April 3, 2017 at 11:10 pm #1202054072
Hey you all! Let’s take a look back at the Oscars in 1993, which went relatively predictably besides one upset, which I will get to later!
Best Picture: The Piano- There was some empty buzz at the time that it could upset Schindler’s List in either BP or BD, but I feel like SL won in a landslide. It must be said though that The Piano is an amazing, fascinating film that probably wouldn’t even get nominated in these days. I feel like it had a respectable amount of votes. In The Name Of The Father was third, Remains Of The Day fourth, and The Fugitive fifth.
Best Director: Campion, although I feel like this was even more of a landslide then Best Picture. The Academy knew Speilberg was overdue, still felt guilty about snubbing him for The Color Purple, and his achievement was undeniable. I’m guessing Sheridan was third, Ivory was fourth, and Altman was fifth(They clearly didn’t like Short Cuts).
Best Actor: Hanks was obviously a strong favorite and won by a very large sizeable majority I’d imagine, although Neeson, Day-Lewis, and Hopkins must have gotten some modest vote totals. Fishburne really had no chance.
Best Supporting Actor: Fiennes, who was most likely close, but lost out probably because the Academy may have been too frightened of his portrayal to honor him for it ( Hannibal Lecter, Anton Chigurh, Dr. King Schultz, and even the Joker fit the “easy to love a villian” bill much more then a vicious sadistic SS Nazi Guard like the character of Amon Goeth), he was very new to Hollywood at the time, and they knew Schindler would be honored in other places. Jones was much more overdue, had a recent nomination for JFK under his belt, and also was the Academy’s only real way to honor The Fugitive. I’m guessing Postlethwaite was third(according to Tom’s book, one pundit predicted him at the time), Dicaprio was fourth, and Malkovich was fifth.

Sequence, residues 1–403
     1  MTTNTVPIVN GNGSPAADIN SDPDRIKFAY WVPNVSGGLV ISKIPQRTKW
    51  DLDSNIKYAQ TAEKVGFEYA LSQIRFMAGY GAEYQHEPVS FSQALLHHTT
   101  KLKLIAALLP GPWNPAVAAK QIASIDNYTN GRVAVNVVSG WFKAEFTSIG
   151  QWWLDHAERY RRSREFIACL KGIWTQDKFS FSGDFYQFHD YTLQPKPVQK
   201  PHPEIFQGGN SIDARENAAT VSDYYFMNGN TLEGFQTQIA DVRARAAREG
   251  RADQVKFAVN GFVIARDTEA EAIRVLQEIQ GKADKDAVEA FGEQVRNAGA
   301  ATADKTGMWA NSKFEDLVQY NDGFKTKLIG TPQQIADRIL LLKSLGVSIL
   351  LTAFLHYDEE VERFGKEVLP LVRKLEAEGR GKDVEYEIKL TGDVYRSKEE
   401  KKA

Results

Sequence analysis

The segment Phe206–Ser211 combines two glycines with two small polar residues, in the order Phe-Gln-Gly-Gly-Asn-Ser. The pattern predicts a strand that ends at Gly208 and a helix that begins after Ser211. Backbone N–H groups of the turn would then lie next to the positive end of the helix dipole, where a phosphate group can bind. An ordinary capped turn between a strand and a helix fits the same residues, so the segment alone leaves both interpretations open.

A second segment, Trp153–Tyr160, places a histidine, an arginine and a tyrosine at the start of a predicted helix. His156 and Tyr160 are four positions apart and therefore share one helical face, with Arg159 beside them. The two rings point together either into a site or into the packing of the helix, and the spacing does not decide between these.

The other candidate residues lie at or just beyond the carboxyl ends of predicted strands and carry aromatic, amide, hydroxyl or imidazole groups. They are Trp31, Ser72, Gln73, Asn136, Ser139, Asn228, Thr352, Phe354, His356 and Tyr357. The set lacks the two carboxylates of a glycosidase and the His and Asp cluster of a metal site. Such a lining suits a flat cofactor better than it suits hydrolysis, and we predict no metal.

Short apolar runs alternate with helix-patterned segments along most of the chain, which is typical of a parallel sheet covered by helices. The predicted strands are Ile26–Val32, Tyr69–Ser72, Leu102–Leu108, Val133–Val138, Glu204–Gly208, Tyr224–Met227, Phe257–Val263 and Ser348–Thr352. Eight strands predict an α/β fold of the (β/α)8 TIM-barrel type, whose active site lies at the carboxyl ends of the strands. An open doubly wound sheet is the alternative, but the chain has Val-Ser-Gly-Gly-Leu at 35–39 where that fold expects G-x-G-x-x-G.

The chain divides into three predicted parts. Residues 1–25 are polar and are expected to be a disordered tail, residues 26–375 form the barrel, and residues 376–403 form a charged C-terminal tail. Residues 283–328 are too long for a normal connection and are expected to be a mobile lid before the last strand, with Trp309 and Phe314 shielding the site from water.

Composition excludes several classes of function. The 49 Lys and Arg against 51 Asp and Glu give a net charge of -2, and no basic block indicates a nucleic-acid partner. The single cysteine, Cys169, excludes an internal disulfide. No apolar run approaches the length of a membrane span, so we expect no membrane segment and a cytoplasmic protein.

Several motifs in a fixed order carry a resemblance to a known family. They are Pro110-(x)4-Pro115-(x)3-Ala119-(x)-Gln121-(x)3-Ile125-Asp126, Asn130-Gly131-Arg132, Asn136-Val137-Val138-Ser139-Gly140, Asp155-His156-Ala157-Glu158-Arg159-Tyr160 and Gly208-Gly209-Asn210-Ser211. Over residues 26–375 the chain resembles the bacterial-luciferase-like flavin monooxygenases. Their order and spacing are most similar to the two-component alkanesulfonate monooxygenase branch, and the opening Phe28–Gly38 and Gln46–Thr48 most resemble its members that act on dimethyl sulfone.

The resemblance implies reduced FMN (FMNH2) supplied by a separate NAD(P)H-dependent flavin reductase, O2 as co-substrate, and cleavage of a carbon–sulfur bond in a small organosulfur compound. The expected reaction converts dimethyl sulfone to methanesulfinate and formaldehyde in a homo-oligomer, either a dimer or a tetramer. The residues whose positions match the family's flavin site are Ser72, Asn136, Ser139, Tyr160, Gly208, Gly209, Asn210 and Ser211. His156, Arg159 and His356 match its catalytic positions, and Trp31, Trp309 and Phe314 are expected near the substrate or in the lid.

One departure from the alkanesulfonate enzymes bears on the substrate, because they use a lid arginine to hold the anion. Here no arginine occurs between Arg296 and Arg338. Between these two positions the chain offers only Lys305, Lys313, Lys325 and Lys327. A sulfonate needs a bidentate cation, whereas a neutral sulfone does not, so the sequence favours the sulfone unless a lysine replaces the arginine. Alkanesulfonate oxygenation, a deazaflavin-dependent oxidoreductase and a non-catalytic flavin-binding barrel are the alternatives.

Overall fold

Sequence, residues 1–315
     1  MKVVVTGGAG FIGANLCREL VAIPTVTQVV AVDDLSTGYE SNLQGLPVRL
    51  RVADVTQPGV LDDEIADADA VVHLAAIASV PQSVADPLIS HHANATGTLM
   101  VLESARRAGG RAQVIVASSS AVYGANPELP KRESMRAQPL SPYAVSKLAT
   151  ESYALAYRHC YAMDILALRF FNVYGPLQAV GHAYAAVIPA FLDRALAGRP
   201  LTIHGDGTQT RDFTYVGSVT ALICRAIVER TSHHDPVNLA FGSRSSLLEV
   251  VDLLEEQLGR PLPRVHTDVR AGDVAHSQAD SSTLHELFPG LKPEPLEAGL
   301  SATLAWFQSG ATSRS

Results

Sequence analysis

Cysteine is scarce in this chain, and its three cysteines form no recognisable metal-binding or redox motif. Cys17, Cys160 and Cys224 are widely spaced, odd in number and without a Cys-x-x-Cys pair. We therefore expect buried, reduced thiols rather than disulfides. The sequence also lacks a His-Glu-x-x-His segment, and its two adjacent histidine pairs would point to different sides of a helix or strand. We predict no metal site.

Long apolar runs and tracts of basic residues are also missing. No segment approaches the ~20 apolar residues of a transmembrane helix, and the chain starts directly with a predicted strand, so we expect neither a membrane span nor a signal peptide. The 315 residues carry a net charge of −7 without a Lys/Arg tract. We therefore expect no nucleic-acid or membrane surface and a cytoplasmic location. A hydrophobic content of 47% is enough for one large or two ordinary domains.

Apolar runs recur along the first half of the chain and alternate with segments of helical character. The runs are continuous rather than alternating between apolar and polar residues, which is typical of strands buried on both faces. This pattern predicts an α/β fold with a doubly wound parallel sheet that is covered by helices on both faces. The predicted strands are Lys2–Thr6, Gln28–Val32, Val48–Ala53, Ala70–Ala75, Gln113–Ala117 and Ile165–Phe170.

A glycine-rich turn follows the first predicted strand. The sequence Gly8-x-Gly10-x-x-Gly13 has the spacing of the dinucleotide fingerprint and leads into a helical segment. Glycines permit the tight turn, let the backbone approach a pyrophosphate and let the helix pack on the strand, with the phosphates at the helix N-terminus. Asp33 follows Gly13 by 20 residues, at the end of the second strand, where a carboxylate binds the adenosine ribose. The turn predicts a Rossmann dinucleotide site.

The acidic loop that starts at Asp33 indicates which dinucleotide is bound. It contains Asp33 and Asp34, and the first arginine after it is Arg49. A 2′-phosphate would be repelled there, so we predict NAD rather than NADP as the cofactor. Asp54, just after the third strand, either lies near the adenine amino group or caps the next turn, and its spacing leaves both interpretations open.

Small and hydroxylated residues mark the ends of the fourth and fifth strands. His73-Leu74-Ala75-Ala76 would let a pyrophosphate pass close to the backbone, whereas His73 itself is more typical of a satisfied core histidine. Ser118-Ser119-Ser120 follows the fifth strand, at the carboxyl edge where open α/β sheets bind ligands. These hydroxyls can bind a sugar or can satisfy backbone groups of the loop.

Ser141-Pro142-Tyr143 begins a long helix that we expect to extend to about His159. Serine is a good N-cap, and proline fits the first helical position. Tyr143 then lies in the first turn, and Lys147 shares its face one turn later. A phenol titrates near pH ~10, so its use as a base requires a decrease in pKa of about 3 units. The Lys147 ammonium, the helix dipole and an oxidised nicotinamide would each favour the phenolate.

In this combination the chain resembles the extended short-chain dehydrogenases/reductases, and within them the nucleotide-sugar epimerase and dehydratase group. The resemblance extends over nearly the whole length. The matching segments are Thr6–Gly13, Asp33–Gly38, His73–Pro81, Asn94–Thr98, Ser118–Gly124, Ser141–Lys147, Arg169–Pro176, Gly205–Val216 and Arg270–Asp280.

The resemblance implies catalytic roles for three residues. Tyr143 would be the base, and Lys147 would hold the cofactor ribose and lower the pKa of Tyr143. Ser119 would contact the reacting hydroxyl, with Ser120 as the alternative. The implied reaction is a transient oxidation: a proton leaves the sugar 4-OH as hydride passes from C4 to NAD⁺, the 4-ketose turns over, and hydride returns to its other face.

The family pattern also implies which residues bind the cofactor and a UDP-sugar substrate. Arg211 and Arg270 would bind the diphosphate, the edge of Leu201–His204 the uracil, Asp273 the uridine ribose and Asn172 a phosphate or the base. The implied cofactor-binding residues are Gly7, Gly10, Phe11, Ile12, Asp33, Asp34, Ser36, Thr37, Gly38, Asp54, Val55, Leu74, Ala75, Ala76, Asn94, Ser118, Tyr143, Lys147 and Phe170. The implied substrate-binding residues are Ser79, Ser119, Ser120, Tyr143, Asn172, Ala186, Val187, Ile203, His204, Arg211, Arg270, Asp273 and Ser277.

Best Actress: Hunter, in a very strong victory, although Basset may have picked up some votes along the way. I’m guessing Thompson was third, Channing was fourth, and Winger was fifth.
Best Supporting Actress: Now we’ve arrived at the upset! Pundits at the time were split on whether Ryder or Perez would prevail: I personally would have bet on Ryder. But Kenneth Turan’s wildcard prediction that Paquin would win turned put to be true! The Academy clearly did not really care for for The Age Of Innocence and much less Fearless, paving the way for Paquin’s excellent performance to pull through. I feel like voters all assumed either Ryder or Perez would win and “voted their hearts”, not realizing that everyone else was doing the same thing(This is also one of the reasons that Christie lost to Cotillard fourteen years later in the Lead Actress race). Thompson was fourth and Hunter was ironically dead last, given she was dead first in the Lead Actress race.
Best Original Screenplay: No clue. The Piano hopefully won in a landslide. I’ll say Philadelphia since it won two Oscars, but it’s script is so mediocre that I have a hard time believing that it did. Please help me out and chime in your thoughts below!
Best Adapted Screenplay: A locked up category for Schindler’s Steve Zaillian, even with all the highbrow competition. I’m guessing In The Name Of The Father came in second, The Remains Of The Day came in fourth, and Shadowlands came in last(Oh boy, what an awful film!).
So, that’s it! What are your thoughts? If you followed the season back then, who did you think would/should win? Do you feel like this was a strong or weak year in the Academy’s history book?April 4, 2017 at 5:42 am #1202054333